JavaScript... Well, it certainly has a lot of coaches.


> Maksymilian Piskorowski found that if you happen to have a spare eight 9s, you can compute 𝑒 = (9/9 + 9^(-9^9))^(9^(9^9)), which is accurate to a little over 369 million decimal places.

Sure, because 9/9 = 1 and if you take x = 9^9^9, you get back (1 + x^(-1))^x, i.e. the first formula. It's cute, but I don't know if you could call it a "discovery".


You can see the formula Piskorowski used here [0], under "Best Approximations to e with n Copies of the Digit k". (All formulas marked with "MP").

He did in fact build up (1 + x^(-1))^x to slowly increase the accuracy of the formula.

[0] https://www2.stetson.edu/~efriedma/mathmagic/0804.html (The page may say 2004, but has been actively updated, and has references to 2019.)


Why does the Bernoulli formula take exponentially long in the exponent? Python’s native form (using either an integer or float exponent) and even an arbitrary percision computation to 1000 decimal digits using mpmath (also with either an integer or float exponent) are fast even for much larger exponents, and are accurate.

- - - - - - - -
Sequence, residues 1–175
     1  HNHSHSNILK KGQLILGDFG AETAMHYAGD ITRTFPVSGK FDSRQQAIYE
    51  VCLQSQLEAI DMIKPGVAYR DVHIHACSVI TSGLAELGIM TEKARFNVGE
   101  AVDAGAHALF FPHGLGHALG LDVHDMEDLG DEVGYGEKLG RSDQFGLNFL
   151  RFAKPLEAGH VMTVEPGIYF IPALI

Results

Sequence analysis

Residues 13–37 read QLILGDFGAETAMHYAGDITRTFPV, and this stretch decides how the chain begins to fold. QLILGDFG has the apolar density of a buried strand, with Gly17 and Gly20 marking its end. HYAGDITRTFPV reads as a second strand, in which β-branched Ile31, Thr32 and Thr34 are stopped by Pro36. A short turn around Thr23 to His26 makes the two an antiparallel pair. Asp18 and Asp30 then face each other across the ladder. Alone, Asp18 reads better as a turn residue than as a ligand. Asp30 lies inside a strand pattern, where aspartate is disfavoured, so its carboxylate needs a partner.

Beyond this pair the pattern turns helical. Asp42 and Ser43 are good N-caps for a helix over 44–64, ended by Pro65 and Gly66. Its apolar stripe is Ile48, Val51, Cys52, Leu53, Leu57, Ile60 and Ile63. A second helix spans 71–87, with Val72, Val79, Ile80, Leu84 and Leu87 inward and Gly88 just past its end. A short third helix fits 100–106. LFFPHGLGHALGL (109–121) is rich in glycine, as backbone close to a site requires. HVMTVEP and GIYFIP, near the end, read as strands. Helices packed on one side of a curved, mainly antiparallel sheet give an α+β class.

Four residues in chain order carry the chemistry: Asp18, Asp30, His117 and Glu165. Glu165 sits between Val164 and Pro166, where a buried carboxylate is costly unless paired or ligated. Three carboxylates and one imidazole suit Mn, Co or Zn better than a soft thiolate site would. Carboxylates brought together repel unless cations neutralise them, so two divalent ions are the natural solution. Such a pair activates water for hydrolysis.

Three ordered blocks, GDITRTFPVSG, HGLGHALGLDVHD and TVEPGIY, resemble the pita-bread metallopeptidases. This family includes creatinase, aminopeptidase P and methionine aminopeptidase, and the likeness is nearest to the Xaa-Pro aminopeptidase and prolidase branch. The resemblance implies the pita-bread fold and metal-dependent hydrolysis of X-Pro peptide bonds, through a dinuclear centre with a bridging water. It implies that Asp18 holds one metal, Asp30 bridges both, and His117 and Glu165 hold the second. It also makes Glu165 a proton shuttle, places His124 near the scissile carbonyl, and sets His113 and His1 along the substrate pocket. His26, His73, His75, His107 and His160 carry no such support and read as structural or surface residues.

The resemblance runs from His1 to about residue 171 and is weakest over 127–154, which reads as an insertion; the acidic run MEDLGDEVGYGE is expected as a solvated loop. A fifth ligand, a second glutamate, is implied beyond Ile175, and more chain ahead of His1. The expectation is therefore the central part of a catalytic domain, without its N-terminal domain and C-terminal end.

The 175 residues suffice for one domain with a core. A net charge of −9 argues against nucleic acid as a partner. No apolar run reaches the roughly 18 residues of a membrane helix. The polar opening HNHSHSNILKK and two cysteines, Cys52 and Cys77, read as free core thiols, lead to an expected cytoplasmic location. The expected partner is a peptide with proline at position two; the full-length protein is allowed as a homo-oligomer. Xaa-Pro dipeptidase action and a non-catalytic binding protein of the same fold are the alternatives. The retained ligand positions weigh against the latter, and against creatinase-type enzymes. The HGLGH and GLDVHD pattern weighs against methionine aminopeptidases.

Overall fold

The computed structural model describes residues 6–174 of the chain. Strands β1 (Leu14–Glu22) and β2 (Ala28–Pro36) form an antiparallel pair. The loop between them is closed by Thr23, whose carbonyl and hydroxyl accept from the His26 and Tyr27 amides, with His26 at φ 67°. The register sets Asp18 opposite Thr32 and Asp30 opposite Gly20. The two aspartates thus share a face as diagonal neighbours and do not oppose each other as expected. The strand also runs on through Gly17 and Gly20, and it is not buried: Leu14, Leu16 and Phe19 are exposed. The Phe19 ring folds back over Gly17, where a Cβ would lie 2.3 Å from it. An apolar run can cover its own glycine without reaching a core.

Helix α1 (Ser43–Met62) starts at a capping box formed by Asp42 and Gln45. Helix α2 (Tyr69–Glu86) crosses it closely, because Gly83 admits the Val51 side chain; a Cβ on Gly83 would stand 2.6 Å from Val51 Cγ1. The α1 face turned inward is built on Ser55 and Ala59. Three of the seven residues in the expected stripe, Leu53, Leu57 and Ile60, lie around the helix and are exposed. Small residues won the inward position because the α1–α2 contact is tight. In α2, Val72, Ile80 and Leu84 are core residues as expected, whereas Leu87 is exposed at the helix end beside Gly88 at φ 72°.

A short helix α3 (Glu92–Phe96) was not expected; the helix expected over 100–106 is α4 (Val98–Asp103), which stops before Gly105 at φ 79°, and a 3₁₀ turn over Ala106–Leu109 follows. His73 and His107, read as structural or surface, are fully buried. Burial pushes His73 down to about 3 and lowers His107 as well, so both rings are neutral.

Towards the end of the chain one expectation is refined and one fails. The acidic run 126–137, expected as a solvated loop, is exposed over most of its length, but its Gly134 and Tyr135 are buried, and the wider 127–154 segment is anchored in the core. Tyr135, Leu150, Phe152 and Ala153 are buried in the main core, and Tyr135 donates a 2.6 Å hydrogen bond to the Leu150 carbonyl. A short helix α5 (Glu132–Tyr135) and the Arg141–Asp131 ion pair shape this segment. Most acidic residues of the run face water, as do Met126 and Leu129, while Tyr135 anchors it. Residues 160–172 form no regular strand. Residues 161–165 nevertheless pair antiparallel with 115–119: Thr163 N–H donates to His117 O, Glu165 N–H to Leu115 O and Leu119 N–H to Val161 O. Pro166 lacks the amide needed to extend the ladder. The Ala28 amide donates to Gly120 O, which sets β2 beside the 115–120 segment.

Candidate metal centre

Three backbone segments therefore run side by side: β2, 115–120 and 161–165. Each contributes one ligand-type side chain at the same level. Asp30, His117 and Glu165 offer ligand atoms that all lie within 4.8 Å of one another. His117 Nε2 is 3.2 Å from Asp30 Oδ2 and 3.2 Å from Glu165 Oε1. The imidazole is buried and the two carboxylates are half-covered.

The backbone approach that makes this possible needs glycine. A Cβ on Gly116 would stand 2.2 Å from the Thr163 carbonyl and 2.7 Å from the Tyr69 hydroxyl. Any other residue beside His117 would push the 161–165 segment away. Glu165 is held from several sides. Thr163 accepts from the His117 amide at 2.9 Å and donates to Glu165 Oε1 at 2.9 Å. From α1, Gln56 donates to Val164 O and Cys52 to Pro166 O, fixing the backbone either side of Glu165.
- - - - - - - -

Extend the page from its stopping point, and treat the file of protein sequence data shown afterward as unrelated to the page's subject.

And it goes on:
>>> import math, timeit
   >>> x = 2**52
   >>> math.e
   2.718281828459045

   >>> (1+1/x)**x
   2.718281828459045
   >>> timeit.timeit(lambda: (1+1/x)**x, number = 10**6) / 10**6
   2.1324560802895575e-07
   >>> timeit.timeit(lambda: (1+1/x)**float(x), number = 10**6) / 10**6
   3.0082468304317444e-07

   >>> from mpmath import mp
   >>> mp.dps = 1000
   >>> (1+1/mp.mpf(x))**x
   mpf(‘2.7182818284590449335703801338125114…’)
   >>> timeit.timeit(lambda: (1+1/mp.mpf(x))**x, number = 10**3) / 10**3
   0.0004724335519131273
   >>> timeit.timeit(lambda: (1+1/mp.mpf(x))**mp.mpf(x), number = 10**3) / 10**3
   0.00047394841397181155
(Times in seconds.)


Also, Eccentric Euler’s one-liner:

  > '𝑒'.uniname
  MATHEMATICAL ITALIC SMALL E
  > say 𝑒
  2.718281828459045


How to compute e properly, with consideration for error bounds: https://www.nayuki.io/page/approximating-eulers-number-corre...